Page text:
Updated: June 18, 2016
Duke Nukem, Half-Life 3, ReactOS. What do they all have in common? An extremely long development time. In this article, we will focus on the last, a project that started in 1996 as an attempt to provide a free, Windows-compatible operating system to the masses.
Fast forward 20 years, ReactOS is a living, breathing entity, having recently reached a semi-mature 0.4.1 release. Lots of stuff has been happening under the hood, enough to warrant some real-life testing. Anyhow, here be Dedoimedo's first stab at this interesting little system.
I started by downloading the two available images. Live does as advertised, and it will not install if you try. The setup will exit with an error. Instead, Boot allows you to commit ReactOS to the disk in a fashion very similar to what Windows XP used to do.
My next step was to create a virtual machine in VirtualBox, because I was still hesitant to try this operating system on physical hardware. I will have to wait, whenever that happens, for the full 1.0 release. Then, I also tested the Live edition.
It booted fine, very quickly - almost but not quite as fast as KolibriOS. The system has a classic Windows 2000 look. The feel and the behavior are almost identical. However, I did not make much progress with this specific edition, because there was no browser available, and I couldn't figure out how to setup one, or use some kind of a command line download tool. So this one was a short, quick demo.
I fired up the second ISO, and it offered to install the system. Choose a partition, format it, only FAT is available, complete a post-install setup with your timezone, user and such, and within less than 3 minutes, you will have ReactOS available for use.
The installed system is far more convenient, and it comes with some interesting goodies. The chief amongst them is the Application Manager, which allows you to download and setup various versions of many common, popular programs, including Firefox, Opera, K-Meleon, Pidgin, TightVNC, LibreOffice, Abiword, GIMP, VLC, and others. It's the usual mix of free software that you would expect to see in a typical Linux distro or a nerdy Windows system with a heavy bias for open-source stuff. But it does feel a little 2006 in terms of variety and offering. Somewhat like winetricks in a way.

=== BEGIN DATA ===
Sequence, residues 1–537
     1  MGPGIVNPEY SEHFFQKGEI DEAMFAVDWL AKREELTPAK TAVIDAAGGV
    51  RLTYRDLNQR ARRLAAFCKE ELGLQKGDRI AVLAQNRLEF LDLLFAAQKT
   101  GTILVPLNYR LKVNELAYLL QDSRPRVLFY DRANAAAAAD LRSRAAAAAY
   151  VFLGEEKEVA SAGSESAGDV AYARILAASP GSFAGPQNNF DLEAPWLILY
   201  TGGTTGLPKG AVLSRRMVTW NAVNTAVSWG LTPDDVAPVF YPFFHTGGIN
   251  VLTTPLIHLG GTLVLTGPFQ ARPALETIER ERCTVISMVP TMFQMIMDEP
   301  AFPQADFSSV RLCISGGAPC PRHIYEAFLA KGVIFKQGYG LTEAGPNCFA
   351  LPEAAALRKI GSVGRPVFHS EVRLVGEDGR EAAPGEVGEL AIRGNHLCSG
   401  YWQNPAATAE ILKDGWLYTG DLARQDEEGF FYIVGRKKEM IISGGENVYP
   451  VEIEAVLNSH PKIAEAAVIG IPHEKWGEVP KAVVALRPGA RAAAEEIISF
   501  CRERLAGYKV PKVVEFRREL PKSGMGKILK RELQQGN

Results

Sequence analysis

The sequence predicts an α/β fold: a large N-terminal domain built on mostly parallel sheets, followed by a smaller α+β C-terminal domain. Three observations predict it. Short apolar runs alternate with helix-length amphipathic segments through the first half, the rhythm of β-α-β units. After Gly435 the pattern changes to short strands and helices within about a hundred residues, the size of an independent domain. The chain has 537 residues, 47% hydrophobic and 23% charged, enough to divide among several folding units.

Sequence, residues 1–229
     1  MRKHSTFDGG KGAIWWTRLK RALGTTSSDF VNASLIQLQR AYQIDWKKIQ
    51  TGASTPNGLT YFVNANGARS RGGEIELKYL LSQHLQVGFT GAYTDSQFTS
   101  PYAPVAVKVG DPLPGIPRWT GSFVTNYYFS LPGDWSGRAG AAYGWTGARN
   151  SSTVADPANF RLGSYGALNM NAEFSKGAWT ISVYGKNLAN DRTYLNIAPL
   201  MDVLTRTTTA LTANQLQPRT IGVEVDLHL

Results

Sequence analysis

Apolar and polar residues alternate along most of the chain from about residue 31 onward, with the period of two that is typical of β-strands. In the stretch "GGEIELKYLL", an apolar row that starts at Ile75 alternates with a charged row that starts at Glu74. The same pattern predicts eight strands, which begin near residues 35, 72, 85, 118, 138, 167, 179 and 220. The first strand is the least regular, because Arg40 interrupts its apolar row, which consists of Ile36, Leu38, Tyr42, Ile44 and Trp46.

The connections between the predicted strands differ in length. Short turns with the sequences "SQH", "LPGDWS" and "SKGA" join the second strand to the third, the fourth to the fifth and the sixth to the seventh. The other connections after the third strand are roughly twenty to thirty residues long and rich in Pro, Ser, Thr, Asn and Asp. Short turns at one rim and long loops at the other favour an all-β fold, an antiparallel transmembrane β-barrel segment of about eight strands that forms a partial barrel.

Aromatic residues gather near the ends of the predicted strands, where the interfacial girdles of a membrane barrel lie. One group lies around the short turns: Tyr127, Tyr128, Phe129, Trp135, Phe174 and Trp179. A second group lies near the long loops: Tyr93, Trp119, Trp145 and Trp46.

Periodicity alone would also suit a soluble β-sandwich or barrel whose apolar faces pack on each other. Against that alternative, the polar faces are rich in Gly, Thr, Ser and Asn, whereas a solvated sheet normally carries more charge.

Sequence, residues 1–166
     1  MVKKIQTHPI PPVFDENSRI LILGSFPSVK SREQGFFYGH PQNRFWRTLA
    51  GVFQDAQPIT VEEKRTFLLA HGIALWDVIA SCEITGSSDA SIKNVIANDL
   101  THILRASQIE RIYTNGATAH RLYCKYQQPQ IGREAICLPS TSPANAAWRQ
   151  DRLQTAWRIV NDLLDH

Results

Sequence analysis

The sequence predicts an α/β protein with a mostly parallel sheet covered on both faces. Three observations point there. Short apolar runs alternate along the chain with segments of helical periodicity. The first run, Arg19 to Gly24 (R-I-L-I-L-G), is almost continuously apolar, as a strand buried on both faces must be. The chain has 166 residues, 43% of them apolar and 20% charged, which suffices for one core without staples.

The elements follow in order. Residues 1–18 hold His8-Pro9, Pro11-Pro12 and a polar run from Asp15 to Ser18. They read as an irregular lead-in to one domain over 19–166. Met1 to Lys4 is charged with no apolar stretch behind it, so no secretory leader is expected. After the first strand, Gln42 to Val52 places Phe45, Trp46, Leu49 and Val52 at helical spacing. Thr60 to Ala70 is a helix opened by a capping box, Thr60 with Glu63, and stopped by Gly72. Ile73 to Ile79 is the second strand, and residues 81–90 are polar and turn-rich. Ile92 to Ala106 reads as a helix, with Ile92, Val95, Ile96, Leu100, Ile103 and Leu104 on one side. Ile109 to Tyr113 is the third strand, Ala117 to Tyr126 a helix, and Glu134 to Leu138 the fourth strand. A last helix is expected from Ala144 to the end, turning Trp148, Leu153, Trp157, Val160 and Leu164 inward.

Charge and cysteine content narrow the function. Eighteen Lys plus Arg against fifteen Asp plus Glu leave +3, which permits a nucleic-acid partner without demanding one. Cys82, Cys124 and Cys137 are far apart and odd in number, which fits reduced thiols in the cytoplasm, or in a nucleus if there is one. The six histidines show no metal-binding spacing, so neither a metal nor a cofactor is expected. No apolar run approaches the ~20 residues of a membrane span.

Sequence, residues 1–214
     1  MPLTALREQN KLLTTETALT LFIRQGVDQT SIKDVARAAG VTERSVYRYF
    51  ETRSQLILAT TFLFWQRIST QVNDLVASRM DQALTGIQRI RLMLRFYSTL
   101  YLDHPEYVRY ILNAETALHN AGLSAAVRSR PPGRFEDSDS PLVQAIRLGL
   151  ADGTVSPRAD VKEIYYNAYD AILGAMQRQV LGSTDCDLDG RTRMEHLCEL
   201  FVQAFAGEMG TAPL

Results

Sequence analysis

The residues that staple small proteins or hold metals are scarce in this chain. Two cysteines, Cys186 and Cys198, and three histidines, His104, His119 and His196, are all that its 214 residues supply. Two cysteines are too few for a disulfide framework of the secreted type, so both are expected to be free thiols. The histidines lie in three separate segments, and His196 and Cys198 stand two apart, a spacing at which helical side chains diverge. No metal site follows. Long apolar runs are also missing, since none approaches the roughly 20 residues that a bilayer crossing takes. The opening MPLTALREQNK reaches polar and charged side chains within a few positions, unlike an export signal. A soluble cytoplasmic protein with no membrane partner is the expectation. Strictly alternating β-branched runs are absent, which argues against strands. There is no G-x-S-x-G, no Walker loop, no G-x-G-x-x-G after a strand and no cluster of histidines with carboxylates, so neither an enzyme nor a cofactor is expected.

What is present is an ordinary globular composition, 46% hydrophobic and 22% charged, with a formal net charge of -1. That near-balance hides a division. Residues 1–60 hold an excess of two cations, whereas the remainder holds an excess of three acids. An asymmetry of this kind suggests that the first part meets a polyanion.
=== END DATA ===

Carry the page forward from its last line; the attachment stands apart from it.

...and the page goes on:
The Application Manager worked mostly okay, and it installed a bunch of software that I needed. LibreOffice was a no-go, and both available entries simply resulted in an error. Most likely a malformed download link. The rest was fine, and the software comes with an update option, which means you will probably be able to update all your programs in one sweet, quick procedure.
After a while, I began enjoying myself, ever so moderately. There were still glitches and freezes here and there, but the system was behaving. Firefox struggled with some of the pages, but then it had no problem playing HD media. The same goes for VLC. Steam was there, too, go figure. Abiword also runs fine, and system usage is low when nothing is happening, and then quite high when you start opening programs and using them.
You must admit it's good timing.
The desktop wallpaper would not render well at first, and I had to log off before it would show on the entire screen. Downloads were also somewhat slow, capped at 2.5MB/sec for some reason, which I think has to do with the fact the system identifies the Ethernet network as only 10Mbps capable. Not sure, but could be.
Then, I installed GIMP, and the whole thing froze. After rebooting, ReactOS would just not come up. I got a blank blue desktop background and a mouse cursor. That's all. And with that, I ended the active part of this review.